Friday, March 22, 2013


Christine Here: I'm so thrilled to share the continuation of Sheila Callanan's Adoptive Mom story from South Africa. Her poem at the end of this article for the birthmother of her child brought me to tears. 

Cape Town South Africa, home to Sheila Callanan and her family.
FROM CAPE TOWN by Sheila Callanan

Now, in many respects I am placid by nature and handle crisis pretty well.  Something changed on the 22 March 1978 when the telephone rang and the voice on the other end of the line said “Am I speaking to Mrs. Callanan?”  

When I answered her in the affirmative she went on “Did you and your husband apply for adoption?” 

Again I replied in the affirmative.

“Well I am phoning from the adoption society to let you know that we have a little girl for you.” 

In that moment I did the craziest thing – I asked her to hold the line for a moment and ran across the road to my ‘bestest’ neighbour and shouted through her window that the agency was on the phone and they had a little girl for us.  Poor social worker, she must have wondered where I had got to. Still with my heart pounding, I went back to speak with her. 

She then went on to tell me that there was a slight problem which she needed to tell me about. 

They never placed a baby in a home for permanent adoption if there was any medical problem or deformity and the baby that they had for us had been born with a club foot and would need a lot of medical care in the next few years.  The reason why they were prepared to give her to us was that they had prayed about it and felt that this baby was meant for our home. 

Without hesitation I told her we wouldn’t mind at all but she insisted that I call my husband first and just make sure that he was also okay with this. 

Edwin and Sheila with their daughter, Linda, as they send off their application to the adoption agency for a baby.
From the time we had applied we had waited two and a half years for this phone call.  Her big sister, Linda, was excited and promptly gave her a name.

The next afternoon we were in the reception room anxiously and excitedly waiting for the door to open which would bring us our new baby. 

The tiniest little girl was placed in my arms all wrapped up in a pink blanket.  She only weighed six pounds. She was two weeks old.  

As I gazed down at her I could not take in that this was our child.  A child that had been given to us because a group of people had prayed that they would be guided to choose the right family.   A child that had been given to us because a girl had made a difficult choice. 

Deep down in my soul I wept for that girl.   Who was she, what were the circumstances?   I would honour that choice and do everything in my power, through the grace of God, to give her child a stable, happy and secure upbringing.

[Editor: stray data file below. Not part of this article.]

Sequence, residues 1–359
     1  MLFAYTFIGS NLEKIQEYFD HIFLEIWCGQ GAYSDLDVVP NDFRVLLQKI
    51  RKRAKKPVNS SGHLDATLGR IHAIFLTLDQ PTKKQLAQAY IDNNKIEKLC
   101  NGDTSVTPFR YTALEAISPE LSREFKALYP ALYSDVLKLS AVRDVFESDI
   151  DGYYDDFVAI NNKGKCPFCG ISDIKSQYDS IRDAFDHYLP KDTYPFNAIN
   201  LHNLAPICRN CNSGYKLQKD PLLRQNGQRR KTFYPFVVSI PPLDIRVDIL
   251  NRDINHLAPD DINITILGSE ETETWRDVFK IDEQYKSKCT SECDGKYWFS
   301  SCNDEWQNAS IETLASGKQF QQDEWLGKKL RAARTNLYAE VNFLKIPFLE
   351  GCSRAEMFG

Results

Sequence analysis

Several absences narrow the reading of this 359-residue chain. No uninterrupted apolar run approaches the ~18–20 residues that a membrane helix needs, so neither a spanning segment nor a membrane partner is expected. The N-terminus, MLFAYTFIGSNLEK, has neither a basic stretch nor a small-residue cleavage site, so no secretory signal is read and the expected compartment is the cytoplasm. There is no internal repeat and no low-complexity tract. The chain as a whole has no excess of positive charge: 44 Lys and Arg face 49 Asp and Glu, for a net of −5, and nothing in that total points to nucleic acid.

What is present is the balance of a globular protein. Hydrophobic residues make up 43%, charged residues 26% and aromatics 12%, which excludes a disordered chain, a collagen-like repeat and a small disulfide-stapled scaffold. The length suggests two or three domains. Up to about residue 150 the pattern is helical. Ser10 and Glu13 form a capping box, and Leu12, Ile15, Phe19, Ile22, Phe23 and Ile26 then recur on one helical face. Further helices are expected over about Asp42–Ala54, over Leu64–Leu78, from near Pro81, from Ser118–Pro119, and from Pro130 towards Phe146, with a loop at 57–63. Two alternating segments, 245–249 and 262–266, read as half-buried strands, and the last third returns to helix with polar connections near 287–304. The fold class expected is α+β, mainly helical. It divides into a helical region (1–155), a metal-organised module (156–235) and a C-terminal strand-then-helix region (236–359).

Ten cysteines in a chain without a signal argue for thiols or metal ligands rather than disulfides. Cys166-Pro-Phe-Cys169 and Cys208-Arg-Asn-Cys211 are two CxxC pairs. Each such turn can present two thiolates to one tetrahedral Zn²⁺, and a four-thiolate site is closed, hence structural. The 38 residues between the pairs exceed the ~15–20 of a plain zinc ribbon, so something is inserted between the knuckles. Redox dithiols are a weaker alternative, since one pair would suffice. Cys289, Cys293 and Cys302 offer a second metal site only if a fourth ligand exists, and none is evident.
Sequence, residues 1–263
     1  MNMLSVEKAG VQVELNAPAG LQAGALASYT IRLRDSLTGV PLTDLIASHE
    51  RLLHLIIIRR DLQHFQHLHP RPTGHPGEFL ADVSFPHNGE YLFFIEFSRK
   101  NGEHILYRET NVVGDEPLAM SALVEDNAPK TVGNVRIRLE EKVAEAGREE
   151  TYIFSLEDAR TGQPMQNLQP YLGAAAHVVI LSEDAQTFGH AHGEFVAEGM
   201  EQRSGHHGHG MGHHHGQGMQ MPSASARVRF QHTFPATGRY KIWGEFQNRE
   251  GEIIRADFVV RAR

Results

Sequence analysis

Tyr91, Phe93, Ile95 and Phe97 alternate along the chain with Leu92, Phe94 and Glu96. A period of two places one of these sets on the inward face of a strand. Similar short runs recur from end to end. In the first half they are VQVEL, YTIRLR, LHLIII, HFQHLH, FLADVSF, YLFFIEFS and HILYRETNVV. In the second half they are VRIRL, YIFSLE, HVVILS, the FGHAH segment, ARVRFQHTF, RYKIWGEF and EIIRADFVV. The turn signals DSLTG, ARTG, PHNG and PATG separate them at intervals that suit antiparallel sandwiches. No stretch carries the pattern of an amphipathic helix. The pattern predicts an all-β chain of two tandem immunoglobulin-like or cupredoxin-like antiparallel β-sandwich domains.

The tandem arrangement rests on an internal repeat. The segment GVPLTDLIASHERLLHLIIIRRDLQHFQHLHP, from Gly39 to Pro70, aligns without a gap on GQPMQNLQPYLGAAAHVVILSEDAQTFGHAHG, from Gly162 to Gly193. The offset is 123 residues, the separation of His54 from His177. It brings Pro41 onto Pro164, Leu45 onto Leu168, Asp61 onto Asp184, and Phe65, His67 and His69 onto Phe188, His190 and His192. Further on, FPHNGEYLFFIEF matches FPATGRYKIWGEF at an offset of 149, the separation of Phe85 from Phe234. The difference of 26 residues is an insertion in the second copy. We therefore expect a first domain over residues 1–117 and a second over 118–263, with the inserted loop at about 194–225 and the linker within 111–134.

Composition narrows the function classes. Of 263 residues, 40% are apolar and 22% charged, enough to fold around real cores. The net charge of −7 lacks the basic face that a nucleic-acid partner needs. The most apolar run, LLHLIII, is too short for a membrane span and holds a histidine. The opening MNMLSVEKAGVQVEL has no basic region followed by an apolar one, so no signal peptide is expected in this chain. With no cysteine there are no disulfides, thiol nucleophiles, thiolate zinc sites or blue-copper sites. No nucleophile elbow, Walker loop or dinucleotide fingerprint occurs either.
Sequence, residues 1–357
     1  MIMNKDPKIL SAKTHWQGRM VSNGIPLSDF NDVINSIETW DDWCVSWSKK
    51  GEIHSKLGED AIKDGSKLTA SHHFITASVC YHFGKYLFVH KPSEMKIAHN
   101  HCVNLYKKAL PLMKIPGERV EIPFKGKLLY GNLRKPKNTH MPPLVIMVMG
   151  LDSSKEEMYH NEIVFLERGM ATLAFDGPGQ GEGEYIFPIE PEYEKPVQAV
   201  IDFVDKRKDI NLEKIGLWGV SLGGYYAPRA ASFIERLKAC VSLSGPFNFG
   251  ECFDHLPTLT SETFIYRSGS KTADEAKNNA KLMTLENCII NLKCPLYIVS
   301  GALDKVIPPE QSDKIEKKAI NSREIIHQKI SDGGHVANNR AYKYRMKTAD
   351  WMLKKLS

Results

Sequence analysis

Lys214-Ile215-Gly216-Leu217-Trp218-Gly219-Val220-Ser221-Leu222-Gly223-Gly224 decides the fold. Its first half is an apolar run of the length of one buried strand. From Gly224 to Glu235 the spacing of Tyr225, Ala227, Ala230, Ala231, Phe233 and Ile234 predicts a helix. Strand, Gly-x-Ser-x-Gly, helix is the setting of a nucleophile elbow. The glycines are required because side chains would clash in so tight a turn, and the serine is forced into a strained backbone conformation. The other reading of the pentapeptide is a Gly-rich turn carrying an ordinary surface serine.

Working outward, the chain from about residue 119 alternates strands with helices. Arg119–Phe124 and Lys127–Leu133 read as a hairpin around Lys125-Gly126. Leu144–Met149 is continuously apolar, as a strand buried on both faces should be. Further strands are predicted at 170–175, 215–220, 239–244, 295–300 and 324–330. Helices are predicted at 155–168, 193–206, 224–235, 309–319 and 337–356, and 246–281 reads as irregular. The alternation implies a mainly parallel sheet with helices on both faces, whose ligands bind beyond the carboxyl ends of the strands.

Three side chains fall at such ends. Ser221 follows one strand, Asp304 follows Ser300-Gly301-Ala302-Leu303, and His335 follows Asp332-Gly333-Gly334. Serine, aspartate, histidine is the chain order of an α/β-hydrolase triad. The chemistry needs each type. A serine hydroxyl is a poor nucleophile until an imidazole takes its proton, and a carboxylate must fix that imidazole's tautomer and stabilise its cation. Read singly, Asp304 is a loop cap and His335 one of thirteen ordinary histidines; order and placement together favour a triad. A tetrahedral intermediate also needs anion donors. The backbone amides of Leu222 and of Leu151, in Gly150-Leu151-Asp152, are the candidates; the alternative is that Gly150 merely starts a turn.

Years later I wrote a poem for her and these are a few verses from it


I never ever knew your name
I never knew from whence you came
But gazing down at the sleeping child
I thought of you and I ached inside.

I bore you up before our God
The sacrifice had been so hard.
One day somehow, somewhere, some place
Would God allow you to see her face.

I loved her, I cared for her, she was my own,
We laughed, we cried she brought joy to our home.
I watched her skate, I heard her sing,
My heart was glad as she served the King.

Mother of my child, you were always in my heart,
I thought of you, I prayed for you, in my life you had a part.
Your eyes, your nose, the colour of your hair,
Your height, your walk what all did she share.

Susie was in plaster of Paris from her toes to her thigh for the first 13 months of her life with only a few breaks. Her leg was in a frog shape. (In the year to come I was paranoid about keeping the plaster clean and was continually cleaning it with shoe whitening. Diapers (in South Africa we call them nappies!) were changed in an instant because nothing could run down into the cast).

She had some painful medical procedures but in all of this was a sweet, friendly little girl who hardly ever cried.

From an early age we, through storytelling, were able to introduce her to the fact that she had a ‘Carry Mommy’.  When she was older we were able to assure her that if ever she wanted to find her birth mother we would support her in her search.  We had had no counseling on how to tell a child that they were adopted.   We never read any books.   God gave us the wisdom because he was already working out His plan.

We phoned the Adoption Agency………..

"Before I formed you in the womb I knew you, and before you were born I consecrated you…………………….”- New American Standard Version (1995)
Jeremiah 1:5

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